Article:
Klein Animal Shelter funding
Councilman Smith quickly made a motion to table the shelter's request for funding "until we get some more information." The motion was seconded by McDonald.
According to Raissi, the shelter is asking for increased funding of nearly $12,000. He said the city already provides the shelter with $75,000 to offset the cost to Jacksonville residents of surrendering an animal.
"Compared to other cities, ours (at $75,000) is twice as much as other cities (are paying)," Raissi said.
Raissi said the council members would like more explanation for which the additional funds are going to be used.
On Monday, Cherokee County Commissioners echoed the same sentiment when the shelter approached them for $22,000 in increased funding.
Precinct 3 Commissioner Katherine W. Pinotti told the shelter's executive director Angela Wallace, who attended the meeting, that while commissioners “are in agreement that we do and would like to contribute toward animal control … before we can, we'd like to see (better financial transparency) because we have to answer to taxpayers where that money goes.”
On Tuesday, Wallace told the Daily Progress that the additional funds requested of the county would have covered the entire cost of residents surrendering animals – as the City of Jacksonville is already doing for its residents.
LMC zoning requests
Local business owner Jack Webb was approved for zoning request changes on Tilley, College and Prather streets from a planned development to a multi-family dwelling ordinance.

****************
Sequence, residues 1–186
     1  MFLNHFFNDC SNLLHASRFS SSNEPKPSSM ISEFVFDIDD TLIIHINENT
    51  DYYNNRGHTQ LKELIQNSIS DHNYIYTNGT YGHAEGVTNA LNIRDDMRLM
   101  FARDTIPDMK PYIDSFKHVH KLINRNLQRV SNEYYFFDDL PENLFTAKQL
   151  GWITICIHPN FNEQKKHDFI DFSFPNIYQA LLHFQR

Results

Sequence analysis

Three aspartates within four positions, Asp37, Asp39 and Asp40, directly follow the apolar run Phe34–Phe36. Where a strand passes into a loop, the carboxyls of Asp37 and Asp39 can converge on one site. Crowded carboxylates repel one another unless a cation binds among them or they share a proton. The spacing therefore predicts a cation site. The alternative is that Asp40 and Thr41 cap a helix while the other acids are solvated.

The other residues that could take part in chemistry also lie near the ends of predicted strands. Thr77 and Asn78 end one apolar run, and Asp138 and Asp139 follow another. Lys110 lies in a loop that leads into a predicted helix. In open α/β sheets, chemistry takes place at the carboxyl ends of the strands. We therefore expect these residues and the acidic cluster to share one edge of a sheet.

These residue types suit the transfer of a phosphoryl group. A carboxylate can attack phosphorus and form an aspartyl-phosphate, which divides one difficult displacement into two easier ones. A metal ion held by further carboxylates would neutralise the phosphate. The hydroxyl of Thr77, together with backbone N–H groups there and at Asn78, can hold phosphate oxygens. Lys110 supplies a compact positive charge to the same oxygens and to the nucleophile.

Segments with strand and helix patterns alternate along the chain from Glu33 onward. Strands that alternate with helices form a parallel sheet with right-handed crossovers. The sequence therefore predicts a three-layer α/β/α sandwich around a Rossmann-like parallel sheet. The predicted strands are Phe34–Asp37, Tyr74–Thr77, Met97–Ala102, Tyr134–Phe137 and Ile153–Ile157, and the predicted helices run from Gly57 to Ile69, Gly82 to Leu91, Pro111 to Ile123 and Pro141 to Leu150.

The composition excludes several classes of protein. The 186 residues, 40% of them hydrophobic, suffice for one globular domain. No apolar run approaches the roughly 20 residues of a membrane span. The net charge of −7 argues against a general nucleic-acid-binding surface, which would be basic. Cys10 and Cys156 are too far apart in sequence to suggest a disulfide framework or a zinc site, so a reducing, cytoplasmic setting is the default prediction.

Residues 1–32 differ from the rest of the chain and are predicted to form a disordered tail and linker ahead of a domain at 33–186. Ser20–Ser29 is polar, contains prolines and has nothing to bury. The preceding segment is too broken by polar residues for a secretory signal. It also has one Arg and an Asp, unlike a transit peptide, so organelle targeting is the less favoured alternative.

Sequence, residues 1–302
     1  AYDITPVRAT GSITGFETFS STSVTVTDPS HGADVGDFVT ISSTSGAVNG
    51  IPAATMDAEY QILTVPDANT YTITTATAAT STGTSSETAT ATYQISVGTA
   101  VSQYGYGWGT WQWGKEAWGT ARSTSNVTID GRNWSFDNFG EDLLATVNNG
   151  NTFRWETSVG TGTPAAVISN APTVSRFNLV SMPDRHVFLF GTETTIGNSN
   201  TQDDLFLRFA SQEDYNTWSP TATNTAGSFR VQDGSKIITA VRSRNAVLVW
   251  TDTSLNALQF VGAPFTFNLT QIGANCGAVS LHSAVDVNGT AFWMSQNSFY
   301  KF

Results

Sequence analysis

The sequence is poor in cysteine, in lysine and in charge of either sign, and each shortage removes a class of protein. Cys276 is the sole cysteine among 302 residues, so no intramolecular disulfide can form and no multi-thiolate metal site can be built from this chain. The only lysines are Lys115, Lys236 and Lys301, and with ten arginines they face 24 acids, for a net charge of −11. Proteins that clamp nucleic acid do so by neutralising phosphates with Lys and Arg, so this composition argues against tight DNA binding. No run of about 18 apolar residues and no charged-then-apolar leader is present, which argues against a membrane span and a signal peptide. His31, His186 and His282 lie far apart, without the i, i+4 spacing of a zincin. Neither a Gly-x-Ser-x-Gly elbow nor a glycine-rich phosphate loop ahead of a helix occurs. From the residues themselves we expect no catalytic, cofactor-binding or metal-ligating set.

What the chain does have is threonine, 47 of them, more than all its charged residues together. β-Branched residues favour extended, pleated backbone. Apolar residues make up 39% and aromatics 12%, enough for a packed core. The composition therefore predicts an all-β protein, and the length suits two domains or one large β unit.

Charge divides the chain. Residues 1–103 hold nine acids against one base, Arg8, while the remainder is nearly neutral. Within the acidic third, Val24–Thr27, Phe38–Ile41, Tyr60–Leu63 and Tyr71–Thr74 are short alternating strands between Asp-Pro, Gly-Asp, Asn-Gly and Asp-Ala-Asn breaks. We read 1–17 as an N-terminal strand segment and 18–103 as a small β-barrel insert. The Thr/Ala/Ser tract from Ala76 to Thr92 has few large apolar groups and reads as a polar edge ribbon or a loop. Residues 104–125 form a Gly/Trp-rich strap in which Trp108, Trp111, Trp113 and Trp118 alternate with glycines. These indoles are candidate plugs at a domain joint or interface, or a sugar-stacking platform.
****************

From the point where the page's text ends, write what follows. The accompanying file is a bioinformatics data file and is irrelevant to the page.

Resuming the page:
"I would like to construct an apartment complex that complements the city and would be good for the growth of the city," Webb said.
The location formerly belonged to LMC, before its closure in 2012. Webb will be constructing the complex where Wilson Hall, Clark Hall, Fair Hall and Brown Hall dormitories were located.
Public Health Department
Christopher Taylor, executive director of the Cherokee County Public Health Department, addressed the council to propose the idea of a food park for the city. Health inspector Joseph De Guzman attended the meeting with Taylor.
"We want to keep that eclectic flair that Jacksonville has," Taylor said.
He explained that it is difficult for himself and De Guzman to keep track of all mobile food vendors across the county, and having one area for the vendors to congregate would make the situation easier.